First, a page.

Implementing Change

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Organizational Development

Organizational management is a concept that a company can use to improve specific operations. It is an ongoing attempt and effort to improve efficiency and productivity in an organization. It is guided by the need to create a nurturing atmosphere for employees in a company. Some of the elements of this concept include team-building, training, rewards based on performance, and creating an efficient communication system at the workplace. An organization can benefit from various advantages for applying this concept and can also suffer consequences that arise from its advantages.


Organizational development is most effective when the company wants to target individuals in the organization. Like Yaeger (2009) explains, “organizational development works with employees individually and in groups to facilitate stronger interpersonal relationships between team members”. Some of the most significant parts of an organization such as developing productive workgroups are covered when an organization applies this concept. Improving employee relations, not only improves productivity and lessens workplace absenteeism, but it also fosters an open environment where every employee can open up about their challenges. A good employer-employee relationship that can be achieved by utilizing organizational development principles also ensures that everyone understands what is expected of them and they have the resources needed to accomplish their duties.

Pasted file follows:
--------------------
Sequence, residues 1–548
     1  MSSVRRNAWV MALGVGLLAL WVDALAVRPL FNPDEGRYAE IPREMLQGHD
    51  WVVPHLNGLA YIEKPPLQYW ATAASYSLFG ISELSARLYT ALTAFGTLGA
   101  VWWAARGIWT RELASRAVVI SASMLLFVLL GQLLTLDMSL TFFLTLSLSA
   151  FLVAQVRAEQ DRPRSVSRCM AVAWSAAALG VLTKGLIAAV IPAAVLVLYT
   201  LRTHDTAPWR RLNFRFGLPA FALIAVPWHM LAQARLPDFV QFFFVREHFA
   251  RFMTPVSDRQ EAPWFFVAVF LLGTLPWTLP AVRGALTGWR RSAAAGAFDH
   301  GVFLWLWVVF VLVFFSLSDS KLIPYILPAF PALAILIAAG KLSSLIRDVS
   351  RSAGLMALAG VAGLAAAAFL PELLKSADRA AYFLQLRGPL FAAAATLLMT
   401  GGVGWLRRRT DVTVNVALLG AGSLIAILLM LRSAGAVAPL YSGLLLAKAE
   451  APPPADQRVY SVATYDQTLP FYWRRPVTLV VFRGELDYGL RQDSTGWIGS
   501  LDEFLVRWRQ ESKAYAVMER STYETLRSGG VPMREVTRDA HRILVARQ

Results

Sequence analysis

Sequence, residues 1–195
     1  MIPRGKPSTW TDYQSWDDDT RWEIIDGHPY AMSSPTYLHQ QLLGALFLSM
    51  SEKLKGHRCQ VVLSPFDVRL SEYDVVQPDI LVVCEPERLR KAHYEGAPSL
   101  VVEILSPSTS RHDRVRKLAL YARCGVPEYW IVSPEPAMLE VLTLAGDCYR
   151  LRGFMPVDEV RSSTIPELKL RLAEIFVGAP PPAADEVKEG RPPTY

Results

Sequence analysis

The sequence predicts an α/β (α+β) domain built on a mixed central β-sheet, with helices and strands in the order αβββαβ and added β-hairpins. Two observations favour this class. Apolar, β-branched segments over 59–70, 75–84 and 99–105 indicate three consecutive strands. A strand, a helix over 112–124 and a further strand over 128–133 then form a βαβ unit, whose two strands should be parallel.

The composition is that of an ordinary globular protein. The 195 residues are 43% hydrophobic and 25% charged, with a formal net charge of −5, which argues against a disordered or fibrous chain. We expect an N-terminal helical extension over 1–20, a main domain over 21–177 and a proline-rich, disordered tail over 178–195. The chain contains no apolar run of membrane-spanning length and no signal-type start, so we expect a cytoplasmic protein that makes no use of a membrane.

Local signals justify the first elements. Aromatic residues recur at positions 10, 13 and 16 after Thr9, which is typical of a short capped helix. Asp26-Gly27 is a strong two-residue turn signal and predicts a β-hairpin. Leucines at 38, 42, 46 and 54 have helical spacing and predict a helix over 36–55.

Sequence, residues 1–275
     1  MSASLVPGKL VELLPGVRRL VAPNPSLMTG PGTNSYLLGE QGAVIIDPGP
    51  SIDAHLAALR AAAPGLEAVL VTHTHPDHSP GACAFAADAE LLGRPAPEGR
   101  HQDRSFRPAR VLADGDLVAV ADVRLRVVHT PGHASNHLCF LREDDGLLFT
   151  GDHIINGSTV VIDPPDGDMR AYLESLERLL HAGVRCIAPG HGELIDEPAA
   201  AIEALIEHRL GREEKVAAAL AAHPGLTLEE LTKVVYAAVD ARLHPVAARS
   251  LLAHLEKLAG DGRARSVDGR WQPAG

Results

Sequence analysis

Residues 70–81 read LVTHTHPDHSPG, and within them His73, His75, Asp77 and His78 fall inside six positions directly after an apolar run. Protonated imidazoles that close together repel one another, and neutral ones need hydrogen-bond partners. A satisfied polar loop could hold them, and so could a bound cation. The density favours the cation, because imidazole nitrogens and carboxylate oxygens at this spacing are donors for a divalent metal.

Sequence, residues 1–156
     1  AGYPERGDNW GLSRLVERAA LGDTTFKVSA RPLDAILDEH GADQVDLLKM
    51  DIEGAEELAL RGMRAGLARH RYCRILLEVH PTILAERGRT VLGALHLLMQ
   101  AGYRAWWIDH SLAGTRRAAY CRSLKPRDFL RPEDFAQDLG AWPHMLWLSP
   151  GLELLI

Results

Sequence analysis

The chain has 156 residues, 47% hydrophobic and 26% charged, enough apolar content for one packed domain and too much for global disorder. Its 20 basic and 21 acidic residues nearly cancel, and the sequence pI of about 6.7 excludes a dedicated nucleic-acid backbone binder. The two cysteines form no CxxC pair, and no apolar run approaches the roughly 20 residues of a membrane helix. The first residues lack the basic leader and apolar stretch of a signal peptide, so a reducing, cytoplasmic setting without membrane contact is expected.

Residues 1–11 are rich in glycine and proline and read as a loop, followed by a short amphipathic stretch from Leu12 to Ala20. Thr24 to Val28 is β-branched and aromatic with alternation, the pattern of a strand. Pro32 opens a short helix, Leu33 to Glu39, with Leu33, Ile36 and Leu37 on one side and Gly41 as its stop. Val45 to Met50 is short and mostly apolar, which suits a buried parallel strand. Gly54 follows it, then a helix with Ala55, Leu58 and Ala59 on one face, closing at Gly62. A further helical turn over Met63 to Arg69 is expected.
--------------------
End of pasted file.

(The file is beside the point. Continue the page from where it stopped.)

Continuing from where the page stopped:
A company that uses the organizational model also benefits from the extensive networking created among employees through team building and efficient communication. When major changes are required in product development and sustainability, the already established personal contact with employees makes it easy for the changes to be communicated. Stable methods of communication also make it easy for employees to adapt.


Organizational development can mean additional responsibilities for employees and management. This arises when there is a need to keep re-evaluating the needs of an organization, and if they need to do more to maintain regular communication. Other elements that come with a changed corporate structure, which is part of organizational development, such as creating workgroups and managing diversity, can be a challenge to human resource management. Organizational development is also time-consuming and can slow its productivity. The initial process involves surveying employees, gathering consumer feedback, evaluating the logistical process, and mapping the way forward can slow down the organization’s ability to make changes in a timely manner.

Change management